Silicon nanoparticles embedded in a zinc sulfide matrix are a promising material for new types of solar cell. Computational modeling by Stefan Wipperman, Gergely Zimanyi, Francois Gygi and Giulia Galli at UC Davis and colleagues shows how such a material might work.
“Designing materials with desired properties for renewable energy application is a topic of great current interest in physics, chemistry, and materials science, and one of the goals of the Materials Genome initiative, launched in the US in 2011. Our paper focuses on the search for design rules to predict Earth abundant materials for the efficient conversion of solar energy into electricity,” Zimanyi said in an email.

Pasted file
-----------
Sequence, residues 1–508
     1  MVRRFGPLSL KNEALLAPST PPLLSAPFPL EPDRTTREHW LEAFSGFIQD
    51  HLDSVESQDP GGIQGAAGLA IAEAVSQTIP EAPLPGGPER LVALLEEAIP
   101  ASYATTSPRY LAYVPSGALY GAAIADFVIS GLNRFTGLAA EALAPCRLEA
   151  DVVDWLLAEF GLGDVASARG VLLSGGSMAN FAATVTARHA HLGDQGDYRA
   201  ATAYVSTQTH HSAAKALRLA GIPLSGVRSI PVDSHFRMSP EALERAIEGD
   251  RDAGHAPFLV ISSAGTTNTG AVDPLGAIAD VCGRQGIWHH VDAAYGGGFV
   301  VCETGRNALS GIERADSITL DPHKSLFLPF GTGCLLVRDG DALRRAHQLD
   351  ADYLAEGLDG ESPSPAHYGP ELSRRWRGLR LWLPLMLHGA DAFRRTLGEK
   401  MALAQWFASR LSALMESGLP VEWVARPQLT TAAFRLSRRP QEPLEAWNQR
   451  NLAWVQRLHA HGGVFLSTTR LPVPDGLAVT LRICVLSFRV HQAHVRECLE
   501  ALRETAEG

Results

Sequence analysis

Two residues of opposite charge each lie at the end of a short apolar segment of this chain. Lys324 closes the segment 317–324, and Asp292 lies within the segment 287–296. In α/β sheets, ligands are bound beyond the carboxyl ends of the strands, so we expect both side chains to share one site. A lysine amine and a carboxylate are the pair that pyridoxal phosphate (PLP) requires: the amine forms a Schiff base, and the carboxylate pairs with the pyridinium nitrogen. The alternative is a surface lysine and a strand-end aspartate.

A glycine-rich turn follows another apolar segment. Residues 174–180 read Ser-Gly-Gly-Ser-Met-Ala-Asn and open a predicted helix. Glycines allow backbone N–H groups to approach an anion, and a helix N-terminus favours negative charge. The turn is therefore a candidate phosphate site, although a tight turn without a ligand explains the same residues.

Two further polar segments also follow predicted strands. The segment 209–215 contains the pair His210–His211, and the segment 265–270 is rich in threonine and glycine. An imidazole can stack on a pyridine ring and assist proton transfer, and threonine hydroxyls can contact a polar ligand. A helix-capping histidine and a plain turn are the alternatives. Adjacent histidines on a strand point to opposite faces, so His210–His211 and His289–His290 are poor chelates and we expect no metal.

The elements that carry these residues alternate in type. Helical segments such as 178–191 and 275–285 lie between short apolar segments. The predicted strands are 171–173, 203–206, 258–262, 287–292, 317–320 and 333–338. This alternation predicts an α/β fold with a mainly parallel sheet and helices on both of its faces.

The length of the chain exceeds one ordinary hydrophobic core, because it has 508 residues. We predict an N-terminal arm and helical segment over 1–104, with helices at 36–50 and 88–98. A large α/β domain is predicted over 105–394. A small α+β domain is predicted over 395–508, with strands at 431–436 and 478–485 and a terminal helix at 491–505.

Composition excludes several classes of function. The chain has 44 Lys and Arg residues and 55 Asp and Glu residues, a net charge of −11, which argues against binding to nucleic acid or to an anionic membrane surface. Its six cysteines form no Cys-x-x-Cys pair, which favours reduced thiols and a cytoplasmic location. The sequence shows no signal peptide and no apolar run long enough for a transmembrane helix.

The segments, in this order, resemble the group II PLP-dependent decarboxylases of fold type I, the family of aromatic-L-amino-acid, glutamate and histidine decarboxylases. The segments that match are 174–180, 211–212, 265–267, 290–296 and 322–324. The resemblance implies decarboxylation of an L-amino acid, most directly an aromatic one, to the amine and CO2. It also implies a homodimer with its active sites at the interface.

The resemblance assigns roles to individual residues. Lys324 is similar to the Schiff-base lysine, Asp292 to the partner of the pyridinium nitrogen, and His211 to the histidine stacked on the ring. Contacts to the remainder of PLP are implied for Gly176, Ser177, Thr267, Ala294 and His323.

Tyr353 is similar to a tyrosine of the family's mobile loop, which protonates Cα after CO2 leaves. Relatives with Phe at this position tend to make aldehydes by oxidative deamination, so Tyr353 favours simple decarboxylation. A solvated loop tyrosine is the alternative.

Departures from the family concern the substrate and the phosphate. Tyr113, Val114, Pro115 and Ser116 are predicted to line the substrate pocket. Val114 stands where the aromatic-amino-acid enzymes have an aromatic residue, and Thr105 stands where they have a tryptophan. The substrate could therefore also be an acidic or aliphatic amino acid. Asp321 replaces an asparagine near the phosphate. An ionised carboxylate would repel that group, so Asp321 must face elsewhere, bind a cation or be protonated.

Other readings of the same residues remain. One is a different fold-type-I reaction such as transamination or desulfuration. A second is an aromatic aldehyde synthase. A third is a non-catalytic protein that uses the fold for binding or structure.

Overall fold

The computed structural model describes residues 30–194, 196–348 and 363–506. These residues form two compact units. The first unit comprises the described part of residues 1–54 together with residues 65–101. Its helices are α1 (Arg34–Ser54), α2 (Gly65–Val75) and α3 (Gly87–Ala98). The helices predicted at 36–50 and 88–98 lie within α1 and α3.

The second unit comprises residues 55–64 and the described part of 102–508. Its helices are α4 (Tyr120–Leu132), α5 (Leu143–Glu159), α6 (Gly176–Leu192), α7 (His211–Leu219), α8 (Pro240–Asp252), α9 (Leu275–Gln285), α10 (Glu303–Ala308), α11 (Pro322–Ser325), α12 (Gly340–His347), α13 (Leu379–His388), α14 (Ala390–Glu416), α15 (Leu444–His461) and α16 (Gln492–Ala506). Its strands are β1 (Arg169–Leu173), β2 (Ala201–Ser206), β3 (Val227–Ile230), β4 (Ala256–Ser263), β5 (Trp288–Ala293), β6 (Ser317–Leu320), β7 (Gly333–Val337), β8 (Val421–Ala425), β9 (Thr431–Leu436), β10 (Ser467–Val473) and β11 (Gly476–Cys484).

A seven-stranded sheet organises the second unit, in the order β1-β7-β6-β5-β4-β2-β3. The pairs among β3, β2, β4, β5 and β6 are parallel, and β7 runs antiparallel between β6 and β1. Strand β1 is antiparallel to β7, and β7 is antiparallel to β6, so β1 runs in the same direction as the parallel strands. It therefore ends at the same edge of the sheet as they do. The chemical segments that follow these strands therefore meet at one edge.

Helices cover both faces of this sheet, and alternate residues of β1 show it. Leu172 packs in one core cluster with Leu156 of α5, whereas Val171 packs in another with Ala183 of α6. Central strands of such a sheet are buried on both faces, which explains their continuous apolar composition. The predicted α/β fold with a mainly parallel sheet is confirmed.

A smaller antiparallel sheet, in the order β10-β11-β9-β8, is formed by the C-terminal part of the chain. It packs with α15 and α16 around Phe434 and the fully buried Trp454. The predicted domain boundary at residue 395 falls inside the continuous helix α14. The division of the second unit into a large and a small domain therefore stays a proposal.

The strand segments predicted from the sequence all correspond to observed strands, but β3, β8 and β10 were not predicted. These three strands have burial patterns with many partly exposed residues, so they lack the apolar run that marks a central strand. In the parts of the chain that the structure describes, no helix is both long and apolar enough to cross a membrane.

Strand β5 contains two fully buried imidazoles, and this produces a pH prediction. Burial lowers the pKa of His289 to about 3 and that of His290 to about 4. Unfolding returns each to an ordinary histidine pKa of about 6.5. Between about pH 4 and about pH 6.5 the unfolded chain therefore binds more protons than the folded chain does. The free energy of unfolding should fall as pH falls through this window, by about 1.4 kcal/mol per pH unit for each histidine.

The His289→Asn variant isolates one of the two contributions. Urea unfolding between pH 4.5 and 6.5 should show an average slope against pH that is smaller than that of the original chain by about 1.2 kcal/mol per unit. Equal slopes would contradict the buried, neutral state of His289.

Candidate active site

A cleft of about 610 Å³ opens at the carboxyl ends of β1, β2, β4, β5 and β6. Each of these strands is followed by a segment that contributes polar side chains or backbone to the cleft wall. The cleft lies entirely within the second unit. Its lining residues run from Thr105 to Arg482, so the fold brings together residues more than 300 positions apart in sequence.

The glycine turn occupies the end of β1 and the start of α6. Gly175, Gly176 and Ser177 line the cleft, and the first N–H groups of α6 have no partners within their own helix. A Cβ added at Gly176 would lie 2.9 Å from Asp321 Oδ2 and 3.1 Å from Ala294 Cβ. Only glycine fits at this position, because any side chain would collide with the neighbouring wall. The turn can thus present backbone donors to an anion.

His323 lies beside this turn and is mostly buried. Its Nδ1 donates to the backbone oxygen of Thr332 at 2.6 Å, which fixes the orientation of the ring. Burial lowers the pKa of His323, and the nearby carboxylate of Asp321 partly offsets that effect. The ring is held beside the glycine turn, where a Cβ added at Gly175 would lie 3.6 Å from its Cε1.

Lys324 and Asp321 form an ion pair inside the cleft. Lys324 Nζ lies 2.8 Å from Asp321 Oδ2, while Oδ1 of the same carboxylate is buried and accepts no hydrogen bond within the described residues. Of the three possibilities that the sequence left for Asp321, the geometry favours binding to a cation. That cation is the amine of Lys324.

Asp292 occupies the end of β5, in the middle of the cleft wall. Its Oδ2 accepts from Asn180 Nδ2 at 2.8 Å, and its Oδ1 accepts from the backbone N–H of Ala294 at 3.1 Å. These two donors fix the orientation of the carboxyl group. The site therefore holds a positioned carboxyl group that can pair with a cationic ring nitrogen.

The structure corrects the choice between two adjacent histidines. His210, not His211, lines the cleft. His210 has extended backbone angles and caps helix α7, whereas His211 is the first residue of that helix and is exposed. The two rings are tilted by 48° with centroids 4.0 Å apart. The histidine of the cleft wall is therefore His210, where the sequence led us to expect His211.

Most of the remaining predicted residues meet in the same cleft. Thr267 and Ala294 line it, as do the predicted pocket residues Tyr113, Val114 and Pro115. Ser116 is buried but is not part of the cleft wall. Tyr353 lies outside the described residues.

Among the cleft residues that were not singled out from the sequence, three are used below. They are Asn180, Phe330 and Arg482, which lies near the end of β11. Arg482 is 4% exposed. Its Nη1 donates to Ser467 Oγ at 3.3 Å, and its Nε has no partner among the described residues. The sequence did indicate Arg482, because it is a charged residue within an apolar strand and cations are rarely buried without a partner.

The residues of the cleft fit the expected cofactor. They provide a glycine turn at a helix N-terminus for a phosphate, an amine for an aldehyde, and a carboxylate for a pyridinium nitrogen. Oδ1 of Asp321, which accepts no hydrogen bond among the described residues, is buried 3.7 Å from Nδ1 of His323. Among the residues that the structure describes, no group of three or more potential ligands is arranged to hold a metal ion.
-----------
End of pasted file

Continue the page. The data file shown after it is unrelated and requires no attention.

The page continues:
The image shows a silicon nanoparticle (grey rods), coated in sulfur atoms (yellow spheres) from the surrounding matrix. The blue blobs represent electron orbitals. This model was produced by ab initio molecular dynamics modeling and electron structure calculations, Zimanyi said.
Incoming photons create electron/hole pairs. A solar cell generates current by separating negatively-charged electrons and positive holes to different electrodes. In this structure, the models predict that the junction between nanoparticle and the zinc sulfur matrix will allow efficient separation of charges.
Coauthors on the paper are Márton Vörös, UC Davis and Adam Gali, Budapest University of Technology and Economics and Hungarian Academy of Sciences.